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John F. Kennedy Jr. Loft

20 N. Moore, TriBeCa





By Steve Brawley

John F. Kennedy Jr. was a New York City boy. It was no surprise his first grown up purchase was a loft in an up and coming area known as TriBeCa (20 N. Moore #9E).

Kennedy bought the 2,400-square-foot loft in a nondescript former commercial building for $700,000 in 1994. He and his wife Carolyn lived there until their death in the tragic airplane crash. A large public memorial of flowers and tributes were placed outside the building's front door in the days after the plane crash. The loft was eventually placed on the market by his estate via sealed bids by Sotheby's International Realty

Actor Edward Burns negotiated a deal to buy the loft in New York's trendy Tribeca neighborhood for less than the reported minimum $2.5 million asking price, both the Daily News and the New York Post reported. The Kennedy family asked potential buyers to sign confidentiality agreements to ensure no photos were taken of the loft. The sale of the loft would benefit a trust set up by JFK Jr for his sister Caroline's children.

Burns listed the property for $4.2 million in Nov. 2007. It was taken off the market in 2008.

in 2011, Burns filmed many scenes from his movie "The Newlyweds" in the loft.

20 North Moore, #9E

Burns in the 20 North Moore Entryway (LA Times)

John F. Kennedy Jr. Loft at 20 North Moore, New York City

John with Marta Sgubin and his dog in 20 N. Moore Kitchen.

Carolyn with Marta Sgubin in the 20 N. Moore Kitchen.

From Vanity Fair, May 2002

One night John threw a dinner party for the staff, a sign that he was beginning to feel more comfortable with us. From work we took the No. 1 subway line south to Franklin Street and trooped around the corner to 20 North Moore, riding the industrial elevator to the top floor, where it opened onto John’s loft, a long, rectangular space. Occupying the entire floor, the apartment was big enough to throw a football in. It felt palatial, though not in a gaudy way—as if its owner liked to live well but inconspicuously.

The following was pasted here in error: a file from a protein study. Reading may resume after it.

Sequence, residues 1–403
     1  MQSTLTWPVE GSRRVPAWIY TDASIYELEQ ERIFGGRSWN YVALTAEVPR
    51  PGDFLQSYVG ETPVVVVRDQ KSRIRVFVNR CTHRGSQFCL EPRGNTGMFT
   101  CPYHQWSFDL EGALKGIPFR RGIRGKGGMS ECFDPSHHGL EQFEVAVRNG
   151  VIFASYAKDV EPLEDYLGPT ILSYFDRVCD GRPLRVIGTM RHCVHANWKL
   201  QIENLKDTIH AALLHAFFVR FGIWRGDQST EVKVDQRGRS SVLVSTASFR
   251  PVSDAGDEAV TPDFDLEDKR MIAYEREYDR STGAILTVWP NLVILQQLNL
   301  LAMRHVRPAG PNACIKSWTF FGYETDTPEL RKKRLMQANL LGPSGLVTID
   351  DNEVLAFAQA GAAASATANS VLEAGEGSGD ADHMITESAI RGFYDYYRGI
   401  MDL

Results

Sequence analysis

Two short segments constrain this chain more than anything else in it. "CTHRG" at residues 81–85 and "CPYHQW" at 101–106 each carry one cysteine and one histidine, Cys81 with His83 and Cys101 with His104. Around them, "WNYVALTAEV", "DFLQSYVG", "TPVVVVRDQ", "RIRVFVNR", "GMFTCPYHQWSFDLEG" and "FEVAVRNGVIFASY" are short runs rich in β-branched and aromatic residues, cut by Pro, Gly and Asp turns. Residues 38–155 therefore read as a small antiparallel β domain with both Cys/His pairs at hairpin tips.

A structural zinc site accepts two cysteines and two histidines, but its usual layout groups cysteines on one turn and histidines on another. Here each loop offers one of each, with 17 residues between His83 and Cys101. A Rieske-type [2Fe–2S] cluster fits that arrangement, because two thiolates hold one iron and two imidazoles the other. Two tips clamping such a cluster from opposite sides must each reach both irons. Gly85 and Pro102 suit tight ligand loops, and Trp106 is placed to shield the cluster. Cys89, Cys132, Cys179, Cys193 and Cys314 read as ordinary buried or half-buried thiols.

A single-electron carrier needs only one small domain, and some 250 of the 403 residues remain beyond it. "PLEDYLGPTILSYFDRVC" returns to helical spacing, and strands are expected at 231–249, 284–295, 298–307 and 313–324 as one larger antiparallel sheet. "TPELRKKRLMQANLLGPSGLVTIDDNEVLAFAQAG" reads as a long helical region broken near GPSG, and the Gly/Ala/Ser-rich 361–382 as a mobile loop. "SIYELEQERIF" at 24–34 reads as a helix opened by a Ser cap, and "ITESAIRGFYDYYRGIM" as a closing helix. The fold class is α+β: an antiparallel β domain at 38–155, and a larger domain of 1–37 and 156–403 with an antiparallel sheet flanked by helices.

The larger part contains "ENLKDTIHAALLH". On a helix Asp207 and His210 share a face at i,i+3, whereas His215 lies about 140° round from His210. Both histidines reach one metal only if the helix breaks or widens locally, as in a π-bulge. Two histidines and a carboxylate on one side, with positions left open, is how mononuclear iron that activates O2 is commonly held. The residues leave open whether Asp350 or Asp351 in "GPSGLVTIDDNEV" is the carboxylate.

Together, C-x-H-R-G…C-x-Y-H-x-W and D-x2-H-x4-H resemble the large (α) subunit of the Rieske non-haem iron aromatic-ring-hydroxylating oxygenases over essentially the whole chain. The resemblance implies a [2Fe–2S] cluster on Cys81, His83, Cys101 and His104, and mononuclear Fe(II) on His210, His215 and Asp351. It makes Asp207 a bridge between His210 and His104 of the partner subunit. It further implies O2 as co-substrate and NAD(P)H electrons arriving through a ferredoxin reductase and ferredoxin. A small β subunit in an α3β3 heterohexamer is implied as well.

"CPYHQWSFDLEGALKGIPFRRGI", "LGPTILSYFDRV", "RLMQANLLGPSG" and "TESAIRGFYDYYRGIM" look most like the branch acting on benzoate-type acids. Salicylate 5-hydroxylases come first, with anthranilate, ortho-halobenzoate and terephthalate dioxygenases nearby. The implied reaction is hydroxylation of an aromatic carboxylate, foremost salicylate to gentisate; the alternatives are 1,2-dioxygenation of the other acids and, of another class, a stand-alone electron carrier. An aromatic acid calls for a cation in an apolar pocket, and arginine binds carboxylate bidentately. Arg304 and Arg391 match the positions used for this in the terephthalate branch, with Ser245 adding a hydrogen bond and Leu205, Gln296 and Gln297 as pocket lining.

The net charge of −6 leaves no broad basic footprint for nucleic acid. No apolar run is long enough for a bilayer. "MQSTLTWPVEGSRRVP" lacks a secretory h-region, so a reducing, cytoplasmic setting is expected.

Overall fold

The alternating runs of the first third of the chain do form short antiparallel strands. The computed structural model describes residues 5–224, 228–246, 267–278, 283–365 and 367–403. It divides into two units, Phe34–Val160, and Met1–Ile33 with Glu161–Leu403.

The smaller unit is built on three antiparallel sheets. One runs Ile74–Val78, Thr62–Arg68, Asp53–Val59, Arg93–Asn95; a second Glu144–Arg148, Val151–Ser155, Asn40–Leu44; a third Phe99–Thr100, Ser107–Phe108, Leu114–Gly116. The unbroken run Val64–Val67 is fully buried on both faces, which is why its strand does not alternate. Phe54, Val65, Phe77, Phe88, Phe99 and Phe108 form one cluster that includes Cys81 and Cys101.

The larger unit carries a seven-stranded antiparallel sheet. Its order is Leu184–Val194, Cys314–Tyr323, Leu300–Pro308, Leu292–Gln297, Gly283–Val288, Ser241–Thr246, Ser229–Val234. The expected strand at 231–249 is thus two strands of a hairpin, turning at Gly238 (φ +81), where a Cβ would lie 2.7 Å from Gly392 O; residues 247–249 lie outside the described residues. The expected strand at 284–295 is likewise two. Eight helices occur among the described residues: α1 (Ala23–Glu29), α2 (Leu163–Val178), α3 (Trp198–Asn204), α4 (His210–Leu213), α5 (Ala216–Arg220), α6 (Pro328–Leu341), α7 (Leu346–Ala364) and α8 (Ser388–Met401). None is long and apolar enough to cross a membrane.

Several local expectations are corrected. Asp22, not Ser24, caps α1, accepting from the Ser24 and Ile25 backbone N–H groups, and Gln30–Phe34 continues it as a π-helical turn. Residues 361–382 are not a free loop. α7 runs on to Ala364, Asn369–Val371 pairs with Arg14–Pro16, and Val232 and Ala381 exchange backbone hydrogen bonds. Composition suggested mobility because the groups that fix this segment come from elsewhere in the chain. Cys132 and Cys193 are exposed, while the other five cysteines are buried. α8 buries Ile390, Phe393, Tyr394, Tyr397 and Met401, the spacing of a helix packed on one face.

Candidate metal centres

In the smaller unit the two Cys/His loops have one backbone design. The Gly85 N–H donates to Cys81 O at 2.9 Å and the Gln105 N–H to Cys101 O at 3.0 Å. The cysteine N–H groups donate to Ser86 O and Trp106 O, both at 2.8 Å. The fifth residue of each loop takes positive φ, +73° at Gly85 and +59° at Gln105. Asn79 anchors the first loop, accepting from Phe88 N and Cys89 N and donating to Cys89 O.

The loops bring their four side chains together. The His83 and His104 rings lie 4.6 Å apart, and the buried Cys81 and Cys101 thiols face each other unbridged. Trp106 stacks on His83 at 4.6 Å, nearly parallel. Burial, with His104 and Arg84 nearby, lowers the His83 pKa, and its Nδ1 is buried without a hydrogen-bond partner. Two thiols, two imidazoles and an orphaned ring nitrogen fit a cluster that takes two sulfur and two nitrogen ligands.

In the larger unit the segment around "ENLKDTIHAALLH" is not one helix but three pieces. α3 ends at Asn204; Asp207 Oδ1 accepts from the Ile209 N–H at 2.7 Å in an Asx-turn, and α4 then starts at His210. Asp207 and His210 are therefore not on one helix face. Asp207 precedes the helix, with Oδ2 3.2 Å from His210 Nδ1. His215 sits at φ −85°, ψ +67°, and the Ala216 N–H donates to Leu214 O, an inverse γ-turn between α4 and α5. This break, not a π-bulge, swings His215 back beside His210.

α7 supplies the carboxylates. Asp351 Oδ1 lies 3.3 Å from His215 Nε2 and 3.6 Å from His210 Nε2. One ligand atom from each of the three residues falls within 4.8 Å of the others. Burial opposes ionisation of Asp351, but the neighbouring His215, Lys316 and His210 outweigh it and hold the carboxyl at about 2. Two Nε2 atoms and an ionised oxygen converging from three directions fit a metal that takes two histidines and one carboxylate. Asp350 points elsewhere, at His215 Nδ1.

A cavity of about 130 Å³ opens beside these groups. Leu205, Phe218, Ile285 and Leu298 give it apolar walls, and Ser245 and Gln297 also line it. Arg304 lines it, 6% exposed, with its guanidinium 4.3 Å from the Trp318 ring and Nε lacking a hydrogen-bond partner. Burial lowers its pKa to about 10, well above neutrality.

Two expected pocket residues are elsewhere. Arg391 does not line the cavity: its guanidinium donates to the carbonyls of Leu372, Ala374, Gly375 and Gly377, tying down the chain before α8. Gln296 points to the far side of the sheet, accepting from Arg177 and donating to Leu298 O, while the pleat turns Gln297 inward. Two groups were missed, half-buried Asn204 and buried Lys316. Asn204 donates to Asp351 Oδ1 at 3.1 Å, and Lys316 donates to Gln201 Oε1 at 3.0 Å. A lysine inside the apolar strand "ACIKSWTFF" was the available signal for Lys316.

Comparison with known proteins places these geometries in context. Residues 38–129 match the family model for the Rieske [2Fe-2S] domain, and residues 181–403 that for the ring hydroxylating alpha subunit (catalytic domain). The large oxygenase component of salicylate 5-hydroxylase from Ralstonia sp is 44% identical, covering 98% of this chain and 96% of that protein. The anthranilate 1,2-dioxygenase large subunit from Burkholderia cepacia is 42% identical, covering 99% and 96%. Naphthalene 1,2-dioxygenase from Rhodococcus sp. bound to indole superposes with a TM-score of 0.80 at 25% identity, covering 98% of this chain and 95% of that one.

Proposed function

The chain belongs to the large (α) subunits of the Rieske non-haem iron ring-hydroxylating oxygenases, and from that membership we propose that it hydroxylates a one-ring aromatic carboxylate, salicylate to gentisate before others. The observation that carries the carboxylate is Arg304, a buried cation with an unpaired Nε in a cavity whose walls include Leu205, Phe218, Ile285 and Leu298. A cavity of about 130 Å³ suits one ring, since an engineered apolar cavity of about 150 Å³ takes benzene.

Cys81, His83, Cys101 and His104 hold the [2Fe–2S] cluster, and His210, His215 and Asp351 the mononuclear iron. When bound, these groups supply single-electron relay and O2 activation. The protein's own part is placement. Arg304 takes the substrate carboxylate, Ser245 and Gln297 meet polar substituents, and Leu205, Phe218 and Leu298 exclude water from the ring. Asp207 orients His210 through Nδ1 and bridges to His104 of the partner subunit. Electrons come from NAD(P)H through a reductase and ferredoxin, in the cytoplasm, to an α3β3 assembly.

His open kitchen was modern and spotless, separated from a wood dining-room table by a long counter. The refrigerator was overflowing with fresh fruits and vegetables. His handyman, a middle-aged native of Portugal, bustled around setting out bowls of food. John was a gracious host, making sure to spend a few minutes chatting with each of us.

He had majored in American history at Brown, and his bookshelves were crammed with history, biography, and the New Journalism of the 60s and 70s—Hunter S. Thompson, Norman Mailer, Tom Wolfe—but I saw nothing by or about any Kennedys. In the front of the apartment lay a pile of athletic equipment: bike, Rollerblades, Frisbee. Of his art, one photograph stood out, a stark black-and-white image, probably from the 40s or 50s, of African-American convicts in the Deep South. The picture had a gritty, Cool Hand Luke feel to it.

John’s bedroom was at the far end of the apartment. It gave no hints of wild nights; it was just a pleasant, tidy room dominated by a queen-size bed. Like the rest of the apartment, the bedroom looked expensive but not ostentatious—and it too was free of Kennedy iconography. I saw no busts of his father, no portraits of his mother—nothing to suggest that the occupant was anyone other than an affluent young man with excellent taste.


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Steve Brawley (314) 740-0298